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MAY FLOWERS

 
 
The crew and audience at Unforgettable
 

 

April has been a very busy month at Omnivore, with near-daily events the last couple of weeks. I've been cheered to see so many well-attended events, and it means the publishers will continue to send us great authors. We had standing-room only attendance for Jeremy Fox, Rachel Khong, the authors of Unforgettable, Melissa Clark, Jack Bishop, Joan Nathan, and others. All of their talks were informative and often-times fascinating; I interviewed Gonzalo Guzman about his work as the chef at Nopalito and his background learning to make masa from scratch in his small hometown in Mexico. I talked with Jeremy Fox about his breakdown after achieving intense fame and scrutiny as chef at Ubuntu, and his rebirth in Los Angeles at Rustic Canyon. Ana Sortun talked about the importance of Middle Eastern spices in her food at Sofra and Oleana in Cambridge, and contributors to Khong's All About Eggs read from their work on the subject.

These events continue to inspire and excite me and our audiences, and will continue to into the future. May is quite a bit calmer, but we've got several good talks on tap, including a talk by Michael Ruhlman mid-month, and our first off-site event at The Perennial, with Joshua McFadden and his beautiful book on vegetables.

I'm thrilled to see that many worthy cookbooks won the prestigious James Beard Award for Excellence this past week: Naomi Duguid for Persia, Martin & Rebecca Cate for Smuggler's Cove, Ronni Lundy for her wonderful Southern cookbook, Victuals, Dorie Greenspan for Dorie's Cookies, and many others. You can see the full list here.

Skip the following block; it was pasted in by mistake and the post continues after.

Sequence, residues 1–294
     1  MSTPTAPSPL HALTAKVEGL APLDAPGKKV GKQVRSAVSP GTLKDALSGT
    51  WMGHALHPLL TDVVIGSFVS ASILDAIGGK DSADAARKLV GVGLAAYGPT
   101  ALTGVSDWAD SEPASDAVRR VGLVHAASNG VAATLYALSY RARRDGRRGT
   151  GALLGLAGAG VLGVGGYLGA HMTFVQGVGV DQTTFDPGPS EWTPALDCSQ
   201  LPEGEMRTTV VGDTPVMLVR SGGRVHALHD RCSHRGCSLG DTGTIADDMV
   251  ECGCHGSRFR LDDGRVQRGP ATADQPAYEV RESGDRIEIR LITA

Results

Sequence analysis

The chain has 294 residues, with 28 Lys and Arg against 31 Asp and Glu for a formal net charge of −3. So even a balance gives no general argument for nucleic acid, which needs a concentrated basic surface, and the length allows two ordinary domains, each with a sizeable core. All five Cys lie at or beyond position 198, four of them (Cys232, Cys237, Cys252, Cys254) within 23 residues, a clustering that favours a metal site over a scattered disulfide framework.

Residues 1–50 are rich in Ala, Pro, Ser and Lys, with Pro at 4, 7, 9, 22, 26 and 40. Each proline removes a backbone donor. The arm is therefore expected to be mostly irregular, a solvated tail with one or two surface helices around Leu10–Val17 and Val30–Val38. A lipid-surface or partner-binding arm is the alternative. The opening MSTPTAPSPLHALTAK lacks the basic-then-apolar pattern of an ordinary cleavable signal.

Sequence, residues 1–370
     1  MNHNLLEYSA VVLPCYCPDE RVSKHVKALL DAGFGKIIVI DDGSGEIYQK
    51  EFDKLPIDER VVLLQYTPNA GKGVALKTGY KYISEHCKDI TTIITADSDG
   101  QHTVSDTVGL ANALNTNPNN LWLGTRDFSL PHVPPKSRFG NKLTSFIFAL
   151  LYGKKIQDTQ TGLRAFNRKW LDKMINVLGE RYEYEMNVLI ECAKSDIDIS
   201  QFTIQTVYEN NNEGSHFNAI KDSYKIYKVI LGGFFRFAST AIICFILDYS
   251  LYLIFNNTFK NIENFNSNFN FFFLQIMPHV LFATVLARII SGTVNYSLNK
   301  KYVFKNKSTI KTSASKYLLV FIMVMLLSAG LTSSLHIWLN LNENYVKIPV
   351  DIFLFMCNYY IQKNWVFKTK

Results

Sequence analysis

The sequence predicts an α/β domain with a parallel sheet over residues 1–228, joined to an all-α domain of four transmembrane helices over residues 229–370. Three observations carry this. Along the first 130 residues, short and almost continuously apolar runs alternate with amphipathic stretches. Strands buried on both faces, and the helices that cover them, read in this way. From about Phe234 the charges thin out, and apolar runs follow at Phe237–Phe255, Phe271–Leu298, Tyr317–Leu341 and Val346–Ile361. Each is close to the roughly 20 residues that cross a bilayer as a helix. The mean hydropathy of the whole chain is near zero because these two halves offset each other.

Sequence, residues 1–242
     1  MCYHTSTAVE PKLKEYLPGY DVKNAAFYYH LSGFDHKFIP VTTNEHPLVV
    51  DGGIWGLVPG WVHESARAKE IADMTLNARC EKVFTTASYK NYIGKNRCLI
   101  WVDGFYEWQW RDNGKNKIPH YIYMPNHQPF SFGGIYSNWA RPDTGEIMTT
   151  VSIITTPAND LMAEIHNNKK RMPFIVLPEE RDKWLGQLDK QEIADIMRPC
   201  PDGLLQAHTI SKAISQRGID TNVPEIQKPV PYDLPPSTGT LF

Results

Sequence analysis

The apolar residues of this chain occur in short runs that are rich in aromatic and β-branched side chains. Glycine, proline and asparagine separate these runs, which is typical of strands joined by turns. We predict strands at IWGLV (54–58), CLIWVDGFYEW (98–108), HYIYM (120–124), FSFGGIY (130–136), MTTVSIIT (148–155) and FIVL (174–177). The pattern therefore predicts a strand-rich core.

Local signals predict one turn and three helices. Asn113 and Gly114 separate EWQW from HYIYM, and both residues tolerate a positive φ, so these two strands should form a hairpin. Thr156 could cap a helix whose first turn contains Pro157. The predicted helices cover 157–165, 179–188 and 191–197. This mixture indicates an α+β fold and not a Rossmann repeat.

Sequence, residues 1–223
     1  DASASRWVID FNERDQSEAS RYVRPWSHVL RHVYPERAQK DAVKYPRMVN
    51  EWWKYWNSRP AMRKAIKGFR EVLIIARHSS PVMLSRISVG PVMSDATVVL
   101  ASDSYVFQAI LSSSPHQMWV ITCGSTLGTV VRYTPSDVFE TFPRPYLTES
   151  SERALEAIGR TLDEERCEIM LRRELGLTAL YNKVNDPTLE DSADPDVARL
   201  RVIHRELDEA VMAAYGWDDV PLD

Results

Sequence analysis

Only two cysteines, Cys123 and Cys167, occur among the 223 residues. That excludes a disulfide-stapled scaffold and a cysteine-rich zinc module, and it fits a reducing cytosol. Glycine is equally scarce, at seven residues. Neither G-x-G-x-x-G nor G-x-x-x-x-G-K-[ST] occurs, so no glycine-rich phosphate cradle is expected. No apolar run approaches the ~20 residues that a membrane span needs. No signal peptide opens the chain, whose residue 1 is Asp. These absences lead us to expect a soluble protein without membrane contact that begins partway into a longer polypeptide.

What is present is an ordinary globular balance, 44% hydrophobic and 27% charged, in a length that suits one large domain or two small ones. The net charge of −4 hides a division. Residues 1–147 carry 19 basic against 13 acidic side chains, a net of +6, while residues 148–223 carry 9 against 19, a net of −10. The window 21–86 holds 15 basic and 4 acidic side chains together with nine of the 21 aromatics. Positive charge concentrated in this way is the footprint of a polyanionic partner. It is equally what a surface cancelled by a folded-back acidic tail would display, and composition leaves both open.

I don't have much more to add, because I'm really tired. Thanks to everyone for helping me earn my exhaustion, because I'm still having so much fun going into my ninth year here,

Celia Sack, Owner
Omnivore Books on Food
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Upcoming Events at Omnivore Books

 

Mon. May 1• Caroline Eden • Samarkand: Recipes & Stories from Central Asia & The Caucasus • 6:30-7:30 p.m. FREE

Samarkand is a love letter to Central Asia and the Caucasus, containing travel essays, beautiful photography and recipes that are little known in the West that have been expertly adapted for the home cook. There is an introduction to the region (explaining the ethnic groups – Uzbeks, Tajiks, Russian, Turkis, Koryo-Saram, Jewish, Caucasus, Afghan) with a useful pantry of essential ingredients, followed by an array of delicious dishes.

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Tues. May 2 • Peter Gethers • My Mother's Kitchen: Breakfast, Lunch, Dinner, and the Meaning of Life • 6:30-7:30 p.m. FREE

The daughter of a restaurateur―the restaurant was New York’s legendary Ratner’s―Judy Gethers discovered a passion for cooking in her 50s. In time, she became a mentor and friend to several of the most famous chefs in America, including Wolfgang Puck, Nancy Silverton and Jonathan Waxman; she also wrote many cookbooks and taught cooking alongside Julia Child. In her eighties, she was robbed of her ability to cook by a debilitating stroke. But illness has brought her closer than ever to her son: Peter regularly visits her so they can share meals, and he can ask questions about her colorful past, while learning her kitchen secrets.